We label the vertices of as . Consider a diagonal in the triangulation. We show that must have the form for some nonnegative integer .
This diagonal partitions into two regions , and is the side of an isosceles triangle in both regions. Without loss of generality suppose the area of is less than the area of (so the center of does not lie in the interior of ); it follows that the lengths of the edges and diagonals in are all smaller than . Thus must the be the base of the isosceles triangle in , from which it follows that the isosceles triangle is , and so . Repeating this process on the legs of isosceles triangle (), it follows that for some positive integer (if we allow degeneracy, then we can also let ).
An example for , | An isosceles triangle containing the center for , |
Now take the isosceles triangle in the triangulation that contains the center of in its interior; if a diagonal passes through the center, select either of the isosceles triangles with that diagonal as an edge. Without loss of generality, suppose . From our previous result, it follows that there are edges of on the minor arcs of and edges of on the minor arc of , for positive integers . Therefore, we can write so must be the sum of two powers of .
We now claim that this condition is sufficient. Suppose without loss of generality that ; then we rewrite this as
- Lemma 1: All regular polygons with or have triangulations that meet the conditions.
- Lemma 2: If a regular polygon with sides has a working triangulation, then the regular polygon with sides also has a triangulation that meets the conditions.
By induction, it follows that we can cover all the desired .
Solution 2
For , this is trivial. For , we construct the diagonals of equal length and . This partitions into regions: an isosceles , and two other regions. For these two regions, we can recursively construct the isosceles triangles defined above in the second paragraph. It follows that we have constructed isosceles triangles with non-intersecting diagonals, as desired.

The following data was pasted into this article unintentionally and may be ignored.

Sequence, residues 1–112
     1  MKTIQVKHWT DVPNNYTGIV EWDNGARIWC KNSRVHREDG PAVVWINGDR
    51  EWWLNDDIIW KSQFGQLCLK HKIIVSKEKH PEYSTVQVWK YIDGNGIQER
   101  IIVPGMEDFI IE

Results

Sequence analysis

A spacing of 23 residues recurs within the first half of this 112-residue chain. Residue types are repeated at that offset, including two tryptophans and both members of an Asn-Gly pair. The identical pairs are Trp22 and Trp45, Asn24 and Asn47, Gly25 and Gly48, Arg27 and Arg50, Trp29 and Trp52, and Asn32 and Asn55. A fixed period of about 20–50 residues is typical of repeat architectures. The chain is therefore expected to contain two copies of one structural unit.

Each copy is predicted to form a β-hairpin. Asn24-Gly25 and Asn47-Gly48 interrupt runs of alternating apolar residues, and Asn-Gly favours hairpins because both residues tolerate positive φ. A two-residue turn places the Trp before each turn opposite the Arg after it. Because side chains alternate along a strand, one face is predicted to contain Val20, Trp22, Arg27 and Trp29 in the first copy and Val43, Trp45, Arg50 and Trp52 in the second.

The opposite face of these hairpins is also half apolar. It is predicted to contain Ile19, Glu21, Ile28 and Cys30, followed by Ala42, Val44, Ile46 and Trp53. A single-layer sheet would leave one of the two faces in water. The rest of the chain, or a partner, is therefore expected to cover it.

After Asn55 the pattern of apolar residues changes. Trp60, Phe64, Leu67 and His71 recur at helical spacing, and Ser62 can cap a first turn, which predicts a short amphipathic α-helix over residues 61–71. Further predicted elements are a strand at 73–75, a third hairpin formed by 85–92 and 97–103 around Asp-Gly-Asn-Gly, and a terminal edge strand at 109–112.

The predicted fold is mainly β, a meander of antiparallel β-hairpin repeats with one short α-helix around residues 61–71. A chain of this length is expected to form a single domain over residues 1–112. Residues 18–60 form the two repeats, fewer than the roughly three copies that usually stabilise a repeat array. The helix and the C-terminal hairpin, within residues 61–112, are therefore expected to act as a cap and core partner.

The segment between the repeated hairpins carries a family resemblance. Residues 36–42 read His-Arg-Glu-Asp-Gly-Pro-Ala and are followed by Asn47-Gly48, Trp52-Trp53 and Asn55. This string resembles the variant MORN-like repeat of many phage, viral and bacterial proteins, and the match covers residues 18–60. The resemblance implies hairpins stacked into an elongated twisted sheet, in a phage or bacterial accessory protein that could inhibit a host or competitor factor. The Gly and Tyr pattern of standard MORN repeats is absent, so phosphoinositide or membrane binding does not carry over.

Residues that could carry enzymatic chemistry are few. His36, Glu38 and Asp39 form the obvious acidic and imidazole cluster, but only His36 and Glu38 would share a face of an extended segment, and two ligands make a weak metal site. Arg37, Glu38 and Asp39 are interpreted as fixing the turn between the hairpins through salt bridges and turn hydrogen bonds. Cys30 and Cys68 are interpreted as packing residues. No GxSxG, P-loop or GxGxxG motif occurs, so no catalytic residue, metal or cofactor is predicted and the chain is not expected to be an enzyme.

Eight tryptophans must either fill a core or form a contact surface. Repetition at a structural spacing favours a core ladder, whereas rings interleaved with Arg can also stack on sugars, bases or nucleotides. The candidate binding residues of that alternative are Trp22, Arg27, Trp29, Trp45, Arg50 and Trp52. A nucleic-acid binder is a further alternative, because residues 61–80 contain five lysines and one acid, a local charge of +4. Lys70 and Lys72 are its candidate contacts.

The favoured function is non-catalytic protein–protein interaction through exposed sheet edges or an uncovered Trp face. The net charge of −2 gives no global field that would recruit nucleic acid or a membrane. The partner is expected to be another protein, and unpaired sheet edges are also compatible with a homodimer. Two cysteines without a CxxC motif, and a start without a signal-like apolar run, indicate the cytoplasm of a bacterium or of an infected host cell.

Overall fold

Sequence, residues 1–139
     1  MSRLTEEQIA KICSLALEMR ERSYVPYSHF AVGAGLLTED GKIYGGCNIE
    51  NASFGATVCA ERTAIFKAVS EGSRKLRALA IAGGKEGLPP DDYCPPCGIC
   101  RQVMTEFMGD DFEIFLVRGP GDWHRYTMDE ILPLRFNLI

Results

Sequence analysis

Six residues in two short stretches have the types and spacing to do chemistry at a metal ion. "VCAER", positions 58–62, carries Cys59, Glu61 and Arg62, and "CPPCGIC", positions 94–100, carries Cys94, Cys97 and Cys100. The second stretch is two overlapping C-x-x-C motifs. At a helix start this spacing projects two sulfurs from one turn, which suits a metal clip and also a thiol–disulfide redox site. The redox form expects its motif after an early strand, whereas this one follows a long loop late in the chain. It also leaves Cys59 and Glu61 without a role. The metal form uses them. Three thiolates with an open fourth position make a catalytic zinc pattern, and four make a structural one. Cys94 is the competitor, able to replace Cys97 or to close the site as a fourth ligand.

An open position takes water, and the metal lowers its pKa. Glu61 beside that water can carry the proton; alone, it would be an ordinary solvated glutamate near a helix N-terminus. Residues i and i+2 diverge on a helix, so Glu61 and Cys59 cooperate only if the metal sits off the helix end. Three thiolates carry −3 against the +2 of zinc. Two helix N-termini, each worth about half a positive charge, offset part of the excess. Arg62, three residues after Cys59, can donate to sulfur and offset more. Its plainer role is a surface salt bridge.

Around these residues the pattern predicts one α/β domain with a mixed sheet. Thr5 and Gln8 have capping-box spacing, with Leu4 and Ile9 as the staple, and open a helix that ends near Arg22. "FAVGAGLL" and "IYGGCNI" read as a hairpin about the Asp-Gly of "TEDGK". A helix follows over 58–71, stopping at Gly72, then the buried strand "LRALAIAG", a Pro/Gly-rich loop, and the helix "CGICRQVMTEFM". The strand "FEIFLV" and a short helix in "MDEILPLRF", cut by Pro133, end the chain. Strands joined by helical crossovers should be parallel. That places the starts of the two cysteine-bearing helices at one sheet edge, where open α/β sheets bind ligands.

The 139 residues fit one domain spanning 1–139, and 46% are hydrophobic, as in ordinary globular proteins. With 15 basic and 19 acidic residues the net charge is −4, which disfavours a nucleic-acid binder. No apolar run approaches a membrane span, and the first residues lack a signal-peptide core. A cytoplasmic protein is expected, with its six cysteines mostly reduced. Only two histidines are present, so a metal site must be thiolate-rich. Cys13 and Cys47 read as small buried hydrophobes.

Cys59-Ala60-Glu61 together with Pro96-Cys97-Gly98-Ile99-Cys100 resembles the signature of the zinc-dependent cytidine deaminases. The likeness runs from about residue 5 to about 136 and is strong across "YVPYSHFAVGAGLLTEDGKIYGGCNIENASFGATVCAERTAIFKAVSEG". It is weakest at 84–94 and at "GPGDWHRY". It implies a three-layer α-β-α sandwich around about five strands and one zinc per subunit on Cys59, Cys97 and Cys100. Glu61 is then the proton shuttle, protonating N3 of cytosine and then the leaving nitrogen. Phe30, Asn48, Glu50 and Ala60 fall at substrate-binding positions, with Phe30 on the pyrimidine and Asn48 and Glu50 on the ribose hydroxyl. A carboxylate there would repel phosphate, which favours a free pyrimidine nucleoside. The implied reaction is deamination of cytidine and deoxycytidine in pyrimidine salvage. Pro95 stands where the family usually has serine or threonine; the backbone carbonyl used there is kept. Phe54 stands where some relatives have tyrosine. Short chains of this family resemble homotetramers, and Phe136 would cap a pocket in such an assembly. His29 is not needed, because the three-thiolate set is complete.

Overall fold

An example for
Solution 3
We construct the diagonals . This partitions into isosceles triangles of the form , as well as a central regular polygon with sides. However, we know that there exists a triangulation for the -sided polygon that yields isosceles triangles. Thus, we have created isosceles triangles with non-intersecting diagonals, as desired.
An example for
In summary, the answer is all that can be written in the form . Alternatively, this condition can be expressed as either (this is the case when ) or is the sum of two distinct powers of , where is considered a power of .
Alternate solutions are always welcome. If you have a different, elegant solution to this problem, please add it to this page.
See also
- <url>viewtopic.php?t=202905 Discussion on AoPS/MathLinks</url>
2008 USAMO (Problems • Resources) | ||
Preceded by Problem 3 |
Followed by Problem 5 | |
1 • 2 • 3 • 4 • 5 • 6 | ||
All USAMO Problems and Solutions |